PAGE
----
12:30: Anime time with a clip from Street Fighter II: The Animated Movie, included as a bonus on the Street Fighter Anniversary Collection. In this clip, brainwashed soldier Cammy brutally attacks a North American senator with an anti-drug platform in full view of the press, until the senator's security detail restrains her.
14:43: The special bonus video from Kingdom Hearts Another Mix. The enigmatic video ends with a flurry of text, which were actually quotes from what was to become Kingdom Hearts II, the most important of which are the “Door to Light” and “We'll go together.”
Episode 232: “We Have the Technology”
A series of unconnected game clips with little clips of footage taken with a Game Boy Camera as segues. God, that was a fun little cartridge.
1:38: The intro of Power Stone, a very fun platform/fighting game from Capcom with a retro international theme, originally released for the Sega Dreamcast. The Excuse Plot is that the titular Power Stones are MacGuffins that some believe will grant their wishes if they collect all of them. The characters included:
- Falcon, a cute English pilot with the Union Jack on his jacket;
- Wangtang, a cute Chinese martial artist;
- Ryoma, a Samurai;
- Gunrock, a big and strong black guy;
- Rouge, a beautiful magician with pyrokinetic powers;
- Jack, a serial killer wrapped in bandages;
- Ayame, a cute young kunoichi;
- Galuda, the “red Indian” (oh boy);
- Kraken, the miniboss, a briny pirate captain;
- Valgas, the genre-obligatory, cheap, irritating final boss. His name may be a reference to Vulgus, Capcom's very first video game—yes, the one that Deadpool referenced in one of his Marvel vs. Capcom 3 winquotes, where he campaigned for a sequel.
During gameplay, weapons randomly spawned in the levels, as well as health-restoring food and drink. Most important of all are the Power Stones. Collect three of these, and either opponent can temporarily transform into a more powerful form, some of which were pretty wacky. Wangtang's was suspiciously Super Saiyan-esque. PS was reminiscent of Super Smash Bros. but quite fun in its own right. It got a sequel with more weapons, playable characters, and stages, and both games were ported to the PlayStation Portable in 2006, back when Capcom was porting/remaking some of its older games to the handheld. PS is, sadly, one of the few Capcom titles to not receive any characters for one of their crossover fighting games.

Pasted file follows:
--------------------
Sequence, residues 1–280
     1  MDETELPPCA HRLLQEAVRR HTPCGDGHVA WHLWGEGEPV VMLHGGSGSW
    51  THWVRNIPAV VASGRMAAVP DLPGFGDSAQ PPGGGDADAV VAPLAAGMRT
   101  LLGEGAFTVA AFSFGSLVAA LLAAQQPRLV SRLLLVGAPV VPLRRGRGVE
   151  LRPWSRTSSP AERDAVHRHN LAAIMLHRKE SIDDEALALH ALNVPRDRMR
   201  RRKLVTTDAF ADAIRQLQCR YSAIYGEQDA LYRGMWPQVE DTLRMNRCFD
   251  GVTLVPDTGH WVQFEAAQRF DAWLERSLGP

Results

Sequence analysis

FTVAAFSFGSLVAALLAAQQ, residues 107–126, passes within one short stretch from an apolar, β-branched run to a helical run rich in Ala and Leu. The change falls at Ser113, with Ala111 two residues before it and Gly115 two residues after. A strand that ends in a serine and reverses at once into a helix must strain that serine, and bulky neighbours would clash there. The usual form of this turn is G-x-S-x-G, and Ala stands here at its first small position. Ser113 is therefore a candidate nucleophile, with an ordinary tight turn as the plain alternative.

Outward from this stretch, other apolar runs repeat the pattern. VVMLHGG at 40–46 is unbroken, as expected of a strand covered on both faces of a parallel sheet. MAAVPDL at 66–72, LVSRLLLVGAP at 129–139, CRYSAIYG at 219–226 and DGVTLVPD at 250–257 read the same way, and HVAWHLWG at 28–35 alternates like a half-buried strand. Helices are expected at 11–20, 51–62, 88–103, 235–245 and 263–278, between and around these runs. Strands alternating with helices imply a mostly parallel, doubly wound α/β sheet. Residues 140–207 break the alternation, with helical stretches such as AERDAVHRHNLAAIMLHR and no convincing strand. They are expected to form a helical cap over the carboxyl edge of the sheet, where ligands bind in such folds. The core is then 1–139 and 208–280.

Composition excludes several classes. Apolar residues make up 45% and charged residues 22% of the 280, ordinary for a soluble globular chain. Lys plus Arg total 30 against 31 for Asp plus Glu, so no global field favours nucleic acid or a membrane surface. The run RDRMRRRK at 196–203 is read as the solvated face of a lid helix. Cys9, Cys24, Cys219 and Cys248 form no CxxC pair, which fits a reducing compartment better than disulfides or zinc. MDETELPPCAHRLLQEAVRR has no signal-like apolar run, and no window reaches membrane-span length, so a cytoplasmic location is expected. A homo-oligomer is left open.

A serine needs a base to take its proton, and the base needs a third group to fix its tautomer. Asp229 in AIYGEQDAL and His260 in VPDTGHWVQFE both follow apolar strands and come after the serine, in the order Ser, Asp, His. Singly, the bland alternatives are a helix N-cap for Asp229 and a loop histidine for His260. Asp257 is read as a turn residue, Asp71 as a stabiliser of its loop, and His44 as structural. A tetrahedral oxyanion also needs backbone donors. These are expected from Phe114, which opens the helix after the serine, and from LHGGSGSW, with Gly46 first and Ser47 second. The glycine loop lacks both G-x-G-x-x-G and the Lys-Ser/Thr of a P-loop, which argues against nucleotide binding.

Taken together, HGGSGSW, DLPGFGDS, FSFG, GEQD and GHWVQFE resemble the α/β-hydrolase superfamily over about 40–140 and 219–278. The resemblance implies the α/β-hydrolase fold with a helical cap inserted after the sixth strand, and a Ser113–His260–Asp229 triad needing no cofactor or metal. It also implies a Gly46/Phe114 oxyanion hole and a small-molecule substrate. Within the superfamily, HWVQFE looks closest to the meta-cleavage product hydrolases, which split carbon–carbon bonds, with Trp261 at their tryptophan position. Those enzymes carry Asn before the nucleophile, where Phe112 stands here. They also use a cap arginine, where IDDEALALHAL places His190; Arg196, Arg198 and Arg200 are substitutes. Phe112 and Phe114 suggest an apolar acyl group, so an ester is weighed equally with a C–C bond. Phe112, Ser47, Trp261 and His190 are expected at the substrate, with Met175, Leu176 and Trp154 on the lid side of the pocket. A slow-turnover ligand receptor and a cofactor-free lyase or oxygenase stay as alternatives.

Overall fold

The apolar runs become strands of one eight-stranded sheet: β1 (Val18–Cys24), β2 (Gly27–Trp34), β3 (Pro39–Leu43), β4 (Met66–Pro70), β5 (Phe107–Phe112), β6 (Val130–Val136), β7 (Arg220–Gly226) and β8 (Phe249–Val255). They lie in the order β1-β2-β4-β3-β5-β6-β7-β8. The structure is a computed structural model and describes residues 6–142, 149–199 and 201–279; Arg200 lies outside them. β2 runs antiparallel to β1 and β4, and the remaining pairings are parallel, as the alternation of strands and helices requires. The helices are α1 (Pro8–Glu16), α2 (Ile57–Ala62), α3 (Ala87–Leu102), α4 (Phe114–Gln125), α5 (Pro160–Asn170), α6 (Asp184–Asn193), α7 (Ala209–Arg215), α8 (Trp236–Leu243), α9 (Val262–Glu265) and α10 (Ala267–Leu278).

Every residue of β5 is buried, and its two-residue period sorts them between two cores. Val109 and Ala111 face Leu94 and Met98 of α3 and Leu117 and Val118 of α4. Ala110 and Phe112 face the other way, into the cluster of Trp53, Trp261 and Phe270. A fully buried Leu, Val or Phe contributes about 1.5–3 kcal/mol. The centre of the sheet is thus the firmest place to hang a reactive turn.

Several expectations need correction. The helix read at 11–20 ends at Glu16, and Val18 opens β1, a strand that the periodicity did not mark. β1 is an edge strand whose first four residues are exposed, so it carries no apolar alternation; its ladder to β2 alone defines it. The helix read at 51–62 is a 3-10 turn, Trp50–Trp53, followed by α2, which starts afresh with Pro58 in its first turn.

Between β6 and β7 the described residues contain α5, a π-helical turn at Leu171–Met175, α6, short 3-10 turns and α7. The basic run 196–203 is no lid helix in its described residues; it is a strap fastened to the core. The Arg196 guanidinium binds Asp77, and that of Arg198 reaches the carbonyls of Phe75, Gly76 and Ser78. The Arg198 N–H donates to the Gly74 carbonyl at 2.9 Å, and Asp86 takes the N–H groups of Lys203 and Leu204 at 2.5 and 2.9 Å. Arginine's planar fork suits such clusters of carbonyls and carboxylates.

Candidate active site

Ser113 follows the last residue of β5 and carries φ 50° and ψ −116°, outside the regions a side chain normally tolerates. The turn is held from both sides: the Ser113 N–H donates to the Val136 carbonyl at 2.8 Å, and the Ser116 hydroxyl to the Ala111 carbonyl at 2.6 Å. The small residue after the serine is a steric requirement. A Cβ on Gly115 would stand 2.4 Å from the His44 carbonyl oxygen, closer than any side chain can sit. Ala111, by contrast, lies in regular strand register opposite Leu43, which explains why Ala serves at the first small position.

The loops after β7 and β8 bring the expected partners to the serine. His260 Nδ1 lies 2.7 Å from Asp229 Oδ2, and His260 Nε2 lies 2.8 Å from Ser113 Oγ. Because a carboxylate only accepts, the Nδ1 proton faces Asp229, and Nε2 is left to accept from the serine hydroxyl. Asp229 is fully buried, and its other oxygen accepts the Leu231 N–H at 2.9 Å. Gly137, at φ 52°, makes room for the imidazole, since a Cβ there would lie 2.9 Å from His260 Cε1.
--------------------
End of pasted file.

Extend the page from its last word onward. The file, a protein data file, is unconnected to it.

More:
9:39: Mario and Luigi. Sonic and Tails. Chuck Greene and Frank West. You know who isn't remembered among the greatest gaming duos? Mohawk and Headphone Jack, the stars of a so-'90s-it-hurts SNES platformer from recently deceased publisher TH*Q. Released in 1996, the game was criticized for its use of Mode 7 rotation effects to rotate the levels. Reviewers cited motion sickness and headaches. The main characters were two faceless, buff, naked (but not anatomically correct) guys with shades and mohawks.
What games have had the best box art? The worst? The SoBadItsGood.Video Games page has some excellent examples from the SEGA Master System. The SMS was burdened with some of the most lazy box art ever. The cover for Pro Wrestling◊ may have been the most horrifying. Is it any wonder that SEGA commissioned some awesome paintings from Boris Vajello for some of their later Genesis games, even if his style didn't match the in-game graphics?